Thursday, August 11, 2005
Cleaning Up: A Father's Perspective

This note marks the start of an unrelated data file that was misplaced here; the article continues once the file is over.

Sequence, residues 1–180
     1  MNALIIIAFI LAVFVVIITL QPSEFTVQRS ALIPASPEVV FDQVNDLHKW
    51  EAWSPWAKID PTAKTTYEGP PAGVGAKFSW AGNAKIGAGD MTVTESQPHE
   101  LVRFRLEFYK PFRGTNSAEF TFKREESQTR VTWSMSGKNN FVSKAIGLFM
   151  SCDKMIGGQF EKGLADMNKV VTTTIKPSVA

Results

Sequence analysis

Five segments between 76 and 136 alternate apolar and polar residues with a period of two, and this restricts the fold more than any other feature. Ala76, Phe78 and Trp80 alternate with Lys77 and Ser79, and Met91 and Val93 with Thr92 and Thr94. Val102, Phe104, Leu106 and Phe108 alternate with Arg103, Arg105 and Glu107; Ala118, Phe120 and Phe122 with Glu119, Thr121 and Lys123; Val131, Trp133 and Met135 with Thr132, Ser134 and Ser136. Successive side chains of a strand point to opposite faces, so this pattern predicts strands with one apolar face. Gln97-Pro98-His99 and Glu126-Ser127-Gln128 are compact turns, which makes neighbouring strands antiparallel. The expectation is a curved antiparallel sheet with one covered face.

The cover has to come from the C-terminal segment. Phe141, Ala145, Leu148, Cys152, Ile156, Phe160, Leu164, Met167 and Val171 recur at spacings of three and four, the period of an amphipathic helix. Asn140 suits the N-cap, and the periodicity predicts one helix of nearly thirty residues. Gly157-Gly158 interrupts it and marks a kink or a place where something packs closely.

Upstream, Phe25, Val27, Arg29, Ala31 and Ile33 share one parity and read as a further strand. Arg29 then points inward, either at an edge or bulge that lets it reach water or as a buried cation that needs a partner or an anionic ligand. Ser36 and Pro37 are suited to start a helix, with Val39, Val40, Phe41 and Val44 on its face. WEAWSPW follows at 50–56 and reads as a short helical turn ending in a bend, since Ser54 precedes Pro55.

Last night I was cleaning up the mess of railroad track pieces, trains, cars, torn pieces of paper, pencils, crayons, chess and checkers pieces in the living room. I was disappointed that my kids didn't clean up before dinner, but I decided that it would take them too long and probably get into a fight while they were at it. So I picked up the toys myself. I wasn't happy. Then it hit me: I wonder how God feels about cleaning up our mess? Bombings, poor people going hungry, homeless people cold in the winter, kids doing drugs, the dying ignored and lonely in hospices -- what a mess! Apart from the sacrifice of the Lamb to reconcile us with Him (which we can't accomplish ourselves), what does it mean when He has to clean up after us? He's disappointed, I'll bet. Is it also loss of trust perhaps? How awful to think that our Father in Heaven has lost confidence in us! That is perhaps why God gives us all the opportunities to clean up after ourselves: He trusts us, with ample servings of His divine grace (apart from which we can't do an ounce of extraordinary good), to get things done. He gives us all the tools we need but He wants us to put those tools to work. I am not a Pelagianist -- truly good things, including our salvation, cannot be accomplished without the grace of God through Christ our Lord. But our free will must join with the perfecty and holy will of God, and we must put that will into action through the grace that we receive. I don't think I'd be thrilled if God were to send down His holy angels to run things for us: the government, parenting, education, keeping the peace -- that would be embarrassing! It would seem then that we cannot do anything right, so He has to do everything Himself. Where would we get any satisfaction from a job well done, albeit with tools and resources that He provides? Perhaps I'll get my kids to do the cleaning up next time, but I'll work alongside them. Maybe that will become a routine, a good habit, that they can put into practice even when I'm not there next to them. Then each time they do so will be a source of joy for me (I hope I never overlook such deeds!) and I will be happy to know that they are now equipped with the very useful skill of cleaning up after their mess. And in case the mess they get into is bigger than they're used to, they can always ask me for help. Hmmm.. I should probably spend a lot of time helping them clean up so they get used to the idea that I don't mind helping out. And I shouldn't mind.